There’s nothing better than wandering the streets of a foreign city and accidentally stumbling across a hidden alleyway! For many Hong Kongers, these little side-streets are a way to really get in touch with the local culture, away from the tourists-filled hotspots. And for those of us who are sassy enough; they’re often the best spots for shopping bargains, authentic food experiences, incredible cocktails, world-class street art, and the prettiest place in the city to get a snapshot!
The travel experts at KAYAK.com.hk have cast their eyes far and wide to come up with a list of 5 of the best secret laneways in the world. So if you’re looking for good food and drink and great art, or simply a good time, check out some of their favourite, secret back streets to discover on your next big city vacation.
Golden Gai, Tokyo, Japan
Tucked away in a corner of Shinjuku, an area of Tokyo known for its skyscrapers, city-slickers, and nightlife, is Golden Gai. This block of six, narrow laneways is home to almost 200 bars, some seating as little as 4 people at a time! This seemingly run-down district is a far cry from the city’s flashier hotspots, but is an ideal hideaway for those who want to go where the locals go, no matter how bizarre it may seem. The attraction of Golden Gai is its wonderfully eccentric bar scene, with everything from hospital-themed venues to bars lined with troll toys.
Croft Alley, Melbourne, Australia
Melbourne’s Hosier Lane is famous for being a revolving canvas of graffiti from local, national, and internationally acclaimed street artists. But you don’t need to look far to find an abundance of equally cool laneways dissecting the city, such as AC/DC Lane, Centre Place, and Croft Alley! Nestled between Bourke St. and Little Bourke St. in Melbourne’s Chinatown district, Croft Alley is a narrow dead-end populated with garbage bins and crates. During daylight hours it doesn’t look like much, but when the sun sets this Melbourne corner comes to life and attracts a hip crowd who’re drawn to The Croft Institute, one of the city’s best little bars. Set to satisfy your inner science nerd, the laboratory-themed venue offers a range of top notch spirits served in beakers, syringes and test tubes!
Cerro Alegre, Valparaiso, Chile
Overlooking the Pacific Ocean, Valparaiso is a colourful town just a few hours from Chile’s capital. The city has an undeniably alternative feel and over the years has attracted artists from all over the world, particularly street artists. Cerro Alegre (literal translation: cheerful hill) is a winding neighbourhood of small lanes and alleyways and is one of the best places to appreciate Valparaiso’s vibrant street art. The vivid art displays sit alongside 16th-century churches and modern restaurants, making it a lively area to explore.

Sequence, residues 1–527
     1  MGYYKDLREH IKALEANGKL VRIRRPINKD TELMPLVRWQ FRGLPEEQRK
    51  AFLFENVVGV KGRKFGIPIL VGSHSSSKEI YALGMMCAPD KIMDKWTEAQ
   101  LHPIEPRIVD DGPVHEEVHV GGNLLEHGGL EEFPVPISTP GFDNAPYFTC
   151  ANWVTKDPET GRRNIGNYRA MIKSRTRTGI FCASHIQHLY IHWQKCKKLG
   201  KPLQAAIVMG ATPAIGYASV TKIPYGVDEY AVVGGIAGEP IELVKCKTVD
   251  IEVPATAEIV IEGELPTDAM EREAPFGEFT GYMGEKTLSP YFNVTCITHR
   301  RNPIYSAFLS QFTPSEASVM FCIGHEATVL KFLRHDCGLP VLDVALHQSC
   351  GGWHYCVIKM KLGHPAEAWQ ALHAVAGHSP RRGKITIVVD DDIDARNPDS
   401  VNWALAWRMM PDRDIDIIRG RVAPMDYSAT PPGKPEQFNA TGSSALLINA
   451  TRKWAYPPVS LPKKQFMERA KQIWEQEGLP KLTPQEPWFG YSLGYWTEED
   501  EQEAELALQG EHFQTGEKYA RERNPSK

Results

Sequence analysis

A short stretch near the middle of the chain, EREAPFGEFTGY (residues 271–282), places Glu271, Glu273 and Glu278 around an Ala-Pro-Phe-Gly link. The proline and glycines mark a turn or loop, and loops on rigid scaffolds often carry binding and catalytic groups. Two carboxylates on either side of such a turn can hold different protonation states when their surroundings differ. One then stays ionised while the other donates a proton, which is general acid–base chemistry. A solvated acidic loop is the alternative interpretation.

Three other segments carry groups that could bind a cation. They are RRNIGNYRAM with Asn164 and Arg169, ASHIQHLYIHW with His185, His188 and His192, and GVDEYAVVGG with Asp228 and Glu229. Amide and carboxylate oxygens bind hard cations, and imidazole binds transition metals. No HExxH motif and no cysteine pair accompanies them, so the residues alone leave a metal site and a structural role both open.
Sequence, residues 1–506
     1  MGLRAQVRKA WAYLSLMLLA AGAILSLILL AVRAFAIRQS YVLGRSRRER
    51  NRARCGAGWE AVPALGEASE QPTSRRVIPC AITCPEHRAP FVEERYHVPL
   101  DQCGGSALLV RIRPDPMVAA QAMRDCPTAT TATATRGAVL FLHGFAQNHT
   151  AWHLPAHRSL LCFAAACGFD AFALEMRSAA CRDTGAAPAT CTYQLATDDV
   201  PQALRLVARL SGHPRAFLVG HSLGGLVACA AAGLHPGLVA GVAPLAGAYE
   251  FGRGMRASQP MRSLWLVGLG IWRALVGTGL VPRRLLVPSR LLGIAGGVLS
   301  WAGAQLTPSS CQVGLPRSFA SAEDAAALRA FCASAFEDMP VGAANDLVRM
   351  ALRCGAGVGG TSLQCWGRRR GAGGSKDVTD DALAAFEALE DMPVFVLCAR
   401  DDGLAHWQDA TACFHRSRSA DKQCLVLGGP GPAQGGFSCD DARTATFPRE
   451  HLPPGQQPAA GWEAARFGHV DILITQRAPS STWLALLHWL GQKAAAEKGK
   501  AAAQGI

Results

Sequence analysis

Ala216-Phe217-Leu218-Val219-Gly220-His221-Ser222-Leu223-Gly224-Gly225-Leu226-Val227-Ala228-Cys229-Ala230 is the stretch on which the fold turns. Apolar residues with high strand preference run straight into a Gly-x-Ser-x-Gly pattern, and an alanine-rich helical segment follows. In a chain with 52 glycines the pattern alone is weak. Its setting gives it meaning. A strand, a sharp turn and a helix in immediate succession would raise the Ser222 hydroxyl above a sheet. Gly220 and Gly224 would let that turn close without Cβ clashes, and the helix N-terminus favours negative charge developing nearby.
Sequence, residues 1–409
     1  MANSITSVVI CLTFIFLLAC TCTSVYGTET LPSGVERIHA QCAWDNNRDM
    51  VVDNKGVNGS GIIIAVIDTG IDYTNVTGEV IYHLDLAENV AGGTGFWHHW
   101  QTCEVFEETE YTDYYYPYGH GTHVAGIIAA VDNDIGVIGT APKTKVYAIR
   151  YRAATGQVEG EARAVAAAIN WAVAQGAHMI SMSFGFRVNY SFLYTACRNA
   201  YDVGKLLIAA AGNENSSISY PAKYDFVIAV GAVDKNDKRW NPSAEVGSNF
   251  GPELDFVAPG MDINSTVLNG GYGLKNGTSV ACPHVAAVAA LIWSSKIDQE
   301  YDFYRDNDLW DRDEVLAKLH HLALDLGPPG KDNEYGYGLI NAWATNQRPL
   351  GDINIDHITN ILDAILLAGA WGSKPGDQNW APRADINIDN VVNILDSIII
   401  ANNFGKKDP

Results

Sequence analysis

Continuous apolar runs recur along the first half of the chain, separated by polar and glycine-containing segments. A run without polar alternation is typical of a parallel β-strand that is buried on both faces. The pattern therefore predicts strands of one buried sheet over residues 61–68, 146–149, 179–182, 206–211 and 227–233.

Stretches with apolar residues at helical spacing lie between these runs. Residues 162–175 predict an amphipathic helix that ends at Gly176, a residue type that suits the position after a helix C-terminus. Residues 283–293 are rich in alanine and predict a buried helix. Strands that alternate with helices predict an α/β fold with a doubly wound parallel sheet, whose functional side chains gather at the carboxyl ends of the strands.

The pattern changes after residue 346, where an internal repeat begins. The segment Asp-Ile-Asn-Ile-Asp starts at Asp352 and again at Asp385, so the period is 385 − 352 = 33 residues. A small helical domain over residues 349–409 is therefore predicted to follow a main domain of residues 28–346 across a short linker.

The Shambles, York, United Kingdom
This old street in York couldn’t be more Harry Potter-esque if it tried! In fact, Diagon Alley as it’s seen in the films is based on the shambles. With cobblestones and timber-framed buildings, a walk down this quaint lane in York will transport you back in time. Once upon a time the term ‘shambles’ referred to an open-air meat market and in its heyday the street was filled with butchers (at one point there was at least 25 of them). Today, the butchers have gone and an array of local eateries, bakeries, tea rooms, and bookshops have taken their place. One of the best things about The Shambles is its five adjoining laneways, known as the ‘Snickelways’ – this charming, medieval maze is a great place to eat, drink, and get lost!
Nanluoguxiang, Beijing, China
A fusion of cultures old and new, Nanluoguxiang is a pedestrian laneway located in Beijing’s Dongcheng district. Just shy of a kilometre long, the laneway is trendy and tourist-friendly with a tonne of cafes, restaurants, and hotels. The real magic, however, is to be found in Nanluoguxiang’s hutongs or ‘side alleys’ – they’re a little less crowded and maybe even more enjoyable to roam, with everything from fresh fruit, ice cream, and beer available to passersby (the perfect antidote to humid weather!). Built during the Yuan Dynasty (1271 – 1368), there are also heaps of traditional tea houses here and if you’re keen to take home a souvenir, step up your green tea game by treating yourself to an intricately designed set of handmade Chinese tea cups, after tasting the finest brews for yourself, of course.
*The hotel prices above are for double occupancy and (including taxes and fees) were collated on KAYAK.com.hk on 18 August 2016 for travel in the second half of October 2016. Prices may be subject to change and offers may no longer be available.
**The flight prices shown above are for one return economy seat (including taxes and fees, excluding baggage fees) and were collated on KAYAK.com.hk on 18 August 2016 for travel in the second half of October 2016. Prices may be subject to change and offers may no longer be available.
Featured image sourced via Pinterest